Yang Yu is no stranger to writing mitigation bypasses for Microsoft Windows products.
A year ago at the CanSecWest conference in Vancouver, the 35-year-old security researcher from Beijing did an extensive presentation on bypassing Address Space Layout Randomization (ASLR) and Data Execution Prevention (DEP) without return-oriented programming. ASLR and DEP are memory protection and code execution mitigations native to the Windows operating system.
Within five months, Microsoft had patched the vulnerability Yu had disclosed during the conference, marking the first time a mitigation bypass was treated as a vulnerability. Less than a year later, Yu’s research had paid off in a bigger way. On Friday, Microsoft announced that it had awarded Yu a $100,000 bounty for his submission of three variants on his bypasses. This was the second $100,000 payout since its program kicked off last summer.
“I do this for three reasons: the passion for technology; the love of challenge; and the bounty,” Yu said.
Microsoft has invested significant resources building exploit mitigations into not only Windows, but Internet Explorer as well. The mitigations target memory-corruption vulnerabilities such as buffer overflows that ultimately give hackers free run on the underlying system to run code of their choosing. The company’s bounty program rolled out in June 2013, challenging coders and defenders to come up with bypasses for mitigations such as ASLR and DEP which are then rolled into the Windows or IE codebase as a security enhancement.
Submissions for the bypass bounty, one of three offered by Microsoft, must demonstrate a new way of exploiting a remote code execution bug in Windows, making use of stack- and heap-corruption mitigations; there are seven criteria the submissions must meet.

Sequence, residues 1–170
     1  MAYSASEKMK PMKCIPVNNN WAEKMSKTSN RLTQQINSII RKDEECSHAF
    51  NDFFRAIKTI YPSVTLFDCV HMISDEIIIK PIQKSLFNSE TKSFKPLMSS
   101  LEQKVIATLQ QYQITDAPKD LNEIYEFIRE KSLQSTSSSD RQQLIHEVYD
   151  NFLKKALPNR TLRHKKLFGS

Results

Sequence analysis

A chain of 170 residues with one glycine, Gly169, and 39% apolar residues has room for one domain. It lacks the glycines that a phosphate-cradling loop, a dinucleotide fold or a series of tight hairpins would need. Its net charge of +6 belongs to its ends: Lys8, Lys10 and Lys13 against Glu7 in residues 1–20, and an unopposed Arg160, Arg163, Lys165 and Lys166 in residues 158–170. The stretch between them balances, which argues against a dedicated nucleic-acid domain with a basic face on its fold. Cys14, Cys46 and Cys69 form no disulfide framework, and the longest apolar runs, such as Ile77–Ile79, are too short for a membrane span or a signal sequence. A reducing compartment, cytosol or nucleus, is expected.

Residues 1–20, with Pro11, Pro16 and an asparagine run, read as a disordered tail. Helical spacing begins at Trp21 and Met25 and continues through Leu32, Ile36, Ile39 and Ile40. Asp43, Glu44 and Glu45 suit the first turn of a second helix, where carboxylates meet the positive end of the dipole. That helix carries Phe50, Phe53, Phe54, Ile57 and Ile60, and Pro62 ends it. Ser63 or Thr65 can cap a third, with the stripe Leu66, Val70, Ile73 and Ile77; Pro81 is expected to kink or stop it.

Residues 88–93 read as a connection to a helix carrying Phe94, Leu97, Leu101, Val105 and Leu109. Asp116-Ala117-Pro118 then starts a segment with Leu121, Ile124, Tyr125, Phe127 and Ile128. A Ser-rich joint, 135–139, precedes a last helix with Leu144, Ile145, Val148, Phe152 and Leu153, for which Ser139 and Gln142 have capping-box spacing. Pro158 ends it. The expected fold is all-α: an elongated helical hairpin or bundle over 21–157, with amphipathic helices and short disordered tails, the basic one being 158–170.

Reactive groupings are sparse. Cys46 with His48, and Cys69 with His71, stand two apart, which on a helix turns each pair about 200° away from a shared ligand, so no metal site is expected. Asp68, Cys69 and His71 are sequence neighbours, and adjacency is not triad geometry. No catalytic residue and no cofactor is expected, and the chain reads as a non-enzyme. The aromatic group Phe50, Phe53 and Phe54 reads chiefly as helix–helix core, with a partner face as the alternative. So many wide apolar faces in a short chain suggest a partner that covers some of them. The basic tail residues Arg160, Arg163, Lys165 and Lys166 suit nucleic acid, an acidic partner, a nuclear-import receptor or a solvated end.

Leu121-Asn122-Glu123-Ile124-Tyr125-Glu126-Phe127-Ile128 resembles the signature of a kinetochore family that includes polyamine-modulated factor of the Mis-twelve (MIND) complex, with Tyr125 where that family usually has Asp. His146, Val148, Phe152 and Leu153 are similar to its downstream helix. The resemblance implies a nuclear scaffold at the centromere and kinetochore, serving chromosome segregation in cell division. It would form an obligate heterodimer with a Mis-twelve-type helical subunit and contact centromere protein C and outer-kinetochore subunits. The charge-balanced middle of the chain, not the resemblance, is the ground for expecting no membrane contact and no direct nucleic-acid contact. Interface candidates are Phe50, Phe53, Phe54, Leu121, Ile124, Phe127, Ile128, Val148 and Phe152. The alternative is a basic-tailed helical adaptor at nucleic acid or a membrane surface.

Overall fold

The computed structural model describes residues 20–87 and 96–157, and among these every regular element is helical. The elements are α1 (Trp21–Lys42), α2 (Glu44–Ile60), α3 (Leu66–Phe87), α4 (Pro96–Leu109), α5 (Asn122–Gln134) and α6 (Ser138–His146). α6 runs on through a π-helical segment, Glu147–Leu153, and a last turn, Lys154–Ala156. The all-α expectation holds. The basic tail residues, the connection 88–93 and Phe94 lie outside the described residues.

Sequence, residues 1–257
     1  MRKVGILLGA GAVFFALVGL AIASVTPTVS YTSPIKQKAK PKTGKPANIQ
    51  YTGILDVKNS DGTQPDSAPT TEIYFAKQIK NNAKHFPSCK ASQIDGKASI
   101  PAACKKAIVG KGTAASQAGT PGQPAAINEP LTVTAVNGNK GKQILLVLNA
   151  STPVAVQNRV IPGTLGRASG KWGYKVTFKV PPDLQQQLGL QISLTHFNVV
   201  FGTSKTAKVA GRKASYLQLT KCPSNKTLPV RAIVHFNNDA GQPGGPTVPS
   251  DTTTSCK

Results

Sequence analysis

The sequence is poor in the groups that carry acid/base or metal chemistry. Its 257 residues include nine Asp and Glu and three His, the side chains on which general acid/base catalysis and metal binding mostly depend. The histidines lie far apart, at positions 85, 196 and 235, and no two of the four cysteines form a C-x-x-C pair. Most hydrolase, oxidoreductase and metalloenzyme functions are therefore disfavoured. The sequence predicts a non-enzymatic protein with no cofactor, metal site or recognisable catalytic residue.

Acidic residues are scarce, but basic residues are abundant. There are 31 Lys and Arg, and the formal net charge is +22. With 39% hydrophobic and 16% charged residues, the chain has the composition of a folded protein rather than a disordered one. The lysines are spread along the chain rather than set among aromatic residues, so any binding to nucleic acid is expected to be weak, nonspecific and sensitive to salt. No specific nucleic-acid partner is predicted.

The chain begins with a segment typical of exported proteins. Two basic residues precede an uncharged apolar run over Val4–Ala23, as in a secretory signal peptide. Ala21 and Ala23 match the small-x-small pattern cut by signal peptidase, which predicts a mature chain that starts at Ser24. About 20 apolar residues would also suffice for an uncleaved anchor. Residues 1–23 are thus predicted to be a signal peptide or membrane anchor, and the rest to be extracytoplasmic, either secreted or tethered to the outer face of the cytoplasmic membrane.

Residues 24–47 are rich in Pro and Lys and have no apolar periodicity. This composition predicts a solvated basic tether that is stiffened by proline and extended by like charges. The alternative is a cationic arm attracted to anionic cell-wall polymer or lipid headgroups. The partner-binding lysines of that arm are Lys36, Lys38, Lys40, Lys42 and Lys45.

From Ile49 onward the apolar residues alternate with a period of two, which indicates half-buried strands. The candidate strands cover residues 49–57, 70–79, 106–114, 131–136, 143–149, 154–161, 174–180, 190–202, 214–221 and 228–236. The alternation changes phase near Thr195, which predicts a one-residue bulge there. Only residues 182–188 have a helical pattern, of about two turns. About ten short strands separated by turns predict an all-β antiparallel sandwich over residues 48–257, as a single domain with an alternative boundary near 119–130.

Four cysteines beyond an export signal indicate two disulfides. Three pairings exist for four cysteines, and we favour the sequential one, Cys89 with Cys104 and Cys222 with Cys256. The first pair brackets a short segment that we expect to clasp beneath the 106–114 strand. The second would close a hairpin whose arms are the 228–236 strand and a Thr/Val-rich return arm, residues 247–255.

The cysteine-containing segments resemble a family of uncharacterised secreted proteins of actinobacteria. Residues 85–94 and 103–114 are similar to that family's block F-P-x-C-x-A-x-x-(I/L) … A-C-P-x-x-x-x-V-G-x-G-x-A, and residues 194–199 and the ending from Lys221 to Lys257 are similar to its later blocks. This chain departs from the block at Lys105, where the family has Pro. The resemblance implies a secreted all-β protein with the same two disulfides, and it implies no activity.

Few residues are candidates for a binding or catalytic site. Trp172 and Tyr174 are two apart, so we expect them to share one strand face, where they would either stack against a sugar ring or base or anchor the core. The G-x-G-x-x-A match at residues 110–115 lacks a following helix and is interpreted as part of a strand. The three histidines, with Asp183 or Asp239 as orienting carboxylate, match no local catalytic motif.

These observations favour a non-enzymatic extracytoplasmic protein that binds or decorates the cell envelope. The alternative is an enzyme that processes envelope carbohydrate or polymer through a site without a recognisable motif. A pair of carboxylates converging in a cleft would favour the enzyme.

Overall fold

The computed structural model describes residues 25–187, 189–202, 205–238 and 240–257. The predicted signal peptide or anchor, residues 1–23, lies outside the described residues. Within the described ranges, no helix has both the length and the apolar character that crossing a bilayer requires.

Yu, who works for NSFOCUS, a security company in Beijing, said the techniques he submitted to Microsoft completely bypass DEP and ASLR, even under the watch of Microsoft Enhanced Mitigation Experience Toolkit (EMET). Ironically, last April, Yu found and reported a critical vulnerability in EMET v4 Beta, which was patched in June.
“[The mitigation bypasses are] Windows version independent, software version independent, even CPU independent in some cases,” Yu said. “I also submitted the relevant mitigation recommendations.”
The mitigation bypass bounty is one of three offered by Microsoft. Microsoft also awards the Blue Hat Bonus for Defense and previously, the Internet Explorer 11 Preview Bug Bounty. The Blue Hat Bonus for Defense pays up to $50,000 for defensive ideas that accompany a mitigation bypass; the IE bounty paid out up to $11,000 for critical vulnerabilities in the beta version of IE 11. The program was closed July 27.
The previous $100,000 winner, James Forshaw, won his prize in October. He collected for a bypass he developed that also eluded Address Space Layout Randomization (ASLR) and Data Execution Prevention (DEP).
“I think vulnerabilities are like bullets, and mitigation bypass techniques are like guns,” Yu said. “Trying to stop so [many] bullets is never better than destroying the gun.”